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Letters

  • Four down, two to go

    When we completed the last mural panel for the “The Peoples History of El Norte,” none of the contemporary issues illustrated were resolved. Since then four of six have been resolved by a concerted grassroots effort by the people of San Miguel County.

    Whites Peak has been returned to the people, Invenergy has been blocked from littering the Bernal mesa with turbines, the PNM plant on the west side of Las Vegas has been shut down, and the 1199 have finally prevailed against Alta Vista Regional Hospital.

  • Mil Gracias - Nov. 19, 2012

    Mike “Mateo” Sena Elementary School recently held its annual Fall Fest. As in years past, it was a great success.  

  • Filibuster rules need reforms

    In the past, Senate members used a filibuster as a means of bringing attention to a high-profile bill they disagreed with.  For many, many years it was seldom employed but since the 1970s it has been used repeatedly to stop much of the chamber’s work. Both parties have used the filibuster to alter simple “majority rules” bills to supermajority votes, so this is not a partisan issue.  

  • A fitting Veterans Day ceremony

    Veterans Day started early as members of VFW Post 1547 and DAV Post 17 battled the bitter cold to post our National Flags around Veterans’ Park. Elks Lodge 401 hosted a breakfast for Veterans at their local Lodge. At 11 a.m., veterans and community members gathered on Sunday, Nov. 11, to celebrate with local veterans.

    Despite the cold and windy conditions, the determination of our local community to pay tribute and acknowledge those who served, leaving loved ones behind, and those who never returned, leaving broken hearts and memories.

  • Mil Gracias - Nov. 16, 2012

    Aaron Ortega was a lifelong resident of Las Vegas, a son of Juan and Annabella Ortega, and a victim of a rare enzyme disorder called methylmelonic acidemia. Aaron was a person who loved music and always had the desire to start a heavy metal band called Life & Death. His favorite holiday was  Halloween. For those reasons the Aaron Ortega Life & Death Fest has been held on the weekend nearest Halloween.

  • Red tape aside, repaint the line

    I invite the city to follow through on its obligation to repaint the white line leading traffic from Interstate 25 into Las Vegas on Exit 343. I am a citizen here in Las Vegas but if I were not familiar with the exits into Las Vegas, there might be confusion and I might actually miss this exit, especially on a dark night. I have heard other comments on this particular exit.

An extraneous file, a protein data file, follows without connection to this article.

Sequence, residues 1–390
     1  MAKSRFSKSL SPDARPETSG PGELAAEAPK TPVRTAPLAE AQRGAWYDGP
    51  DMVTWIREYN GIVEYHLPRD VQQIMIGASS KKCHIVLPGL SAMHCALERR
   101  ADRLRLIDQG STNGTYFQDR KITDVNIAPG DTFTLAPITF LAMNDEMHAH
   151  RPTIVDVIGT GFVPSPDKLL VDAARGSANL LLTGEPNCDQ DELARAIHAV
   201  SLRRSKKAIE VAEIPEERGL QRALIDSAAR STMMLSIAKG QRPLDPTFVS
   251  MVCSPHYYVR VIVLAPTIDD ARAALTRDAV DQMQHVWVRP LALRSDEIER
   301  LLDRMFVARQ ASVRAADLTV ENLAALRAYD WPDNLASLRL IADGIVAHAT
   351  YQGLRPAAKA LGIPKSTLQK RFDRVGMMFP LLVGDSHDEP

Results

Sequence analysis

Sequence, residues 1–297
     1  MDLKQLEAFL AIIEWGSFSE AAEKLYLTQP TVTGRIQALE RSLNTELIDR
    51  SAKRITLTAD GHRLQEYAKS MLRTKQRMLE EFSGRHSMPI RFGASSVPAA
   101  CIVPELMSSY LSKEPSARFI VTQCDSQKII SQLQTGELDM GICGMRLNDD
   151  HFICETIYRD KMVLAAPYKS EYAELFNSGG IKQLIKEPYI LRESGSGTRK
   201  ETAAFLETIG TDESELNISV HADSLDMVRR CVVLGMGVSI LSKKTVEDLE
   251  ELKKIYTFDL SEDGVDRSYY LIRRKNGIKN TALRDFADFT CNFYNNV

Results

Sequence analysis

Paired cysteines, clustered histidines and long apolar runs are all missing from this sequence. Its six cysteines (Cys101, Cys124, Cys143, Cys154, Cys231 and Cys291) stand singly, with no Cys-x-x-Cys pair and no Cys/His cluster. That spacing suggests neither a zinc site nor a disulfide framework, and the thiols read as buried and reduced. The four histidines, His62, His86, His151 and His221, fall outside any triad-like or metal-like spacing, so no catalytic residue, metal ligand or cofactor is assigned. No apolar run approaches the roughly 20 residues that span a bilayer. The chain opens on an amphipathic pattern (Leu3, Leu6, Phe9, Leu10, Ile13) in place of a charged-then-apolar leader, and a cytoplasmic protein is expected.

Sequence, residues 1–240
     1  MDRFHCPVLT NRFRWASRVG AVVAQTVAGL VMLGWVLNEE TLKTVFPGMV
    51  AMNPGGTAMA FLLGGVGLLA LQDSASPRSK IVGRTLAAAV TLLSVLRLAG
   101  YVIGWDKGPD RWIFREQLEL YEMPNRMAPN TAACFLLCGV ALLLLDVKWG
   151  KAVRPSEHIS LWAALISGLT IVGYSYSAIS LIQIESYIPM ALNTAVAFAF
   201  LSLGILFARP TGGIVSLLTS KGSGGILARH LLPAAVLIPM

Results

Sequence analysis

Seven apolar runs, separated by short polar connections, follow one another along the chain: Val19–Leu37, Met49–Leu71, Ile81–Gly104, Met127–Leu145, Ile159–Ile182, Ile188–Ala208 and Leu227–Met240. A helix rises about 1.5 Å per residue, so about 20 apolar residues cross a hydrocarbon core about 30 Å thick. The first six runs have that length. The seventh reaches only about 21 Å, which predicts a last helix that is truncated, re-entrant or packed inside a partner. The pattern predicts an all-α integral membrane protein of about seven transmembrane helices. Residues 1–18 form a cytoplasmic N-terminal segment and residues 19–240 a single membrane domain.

• The county’s oil, gas ordinance

    San Miguel County’s draft ordinance regarding oil and gas references the “National Environmental Policy Act” and thus rightly includes all aspects of the biotic and abiotic environment, but unlike the law, fails to include “economics.” Unfortunately this is consistent with membership of the county’s oil and gas committee, which also did not have a specific representative for “economic development.”

  • ‘Envirowackos’ vs. other ‘wackos’

    According to Alan Franken’s letter to the editor published Nov. 2, those of us who oppose hydraulic fracturing, AKA fracking, are “envirowackos.” San Miguel County must be a haven for “envirowackos,” because more than 1,000  San Miguel County residents have already signed a petition demanding a ban on fracking. A recent online petition to ban fracking in San Miguel County has attracted over 1,600 signatures.

  • The road to (S)hell

    In Alan Franken’s Nov. 2 letter, he stated he was “scared” — more of the economic devastation than the known realities of hydraulic fracturing (fracking) for natural gas here. Despite the mounting scientific evidence documenting the toxic effects on livestock, plants and, of course, people in 33 states, some still believe that the boom in the oil-and-gas industry will be a boon for San Miguel County — and, more dangerous, believe there is no down side.  

  • Must address the problem

    I recently read where Las Vegas has the highest homicide rate in New Mexico. That problem must be addressed immediately.

    Local political leaders, religious  leaders, and educators must join together with the local police and community members to create and implement a plan that can remove the negative connotation that goes along with the crime problem. Las Vegas can ill afford the title of the “highest crime rate in the state.”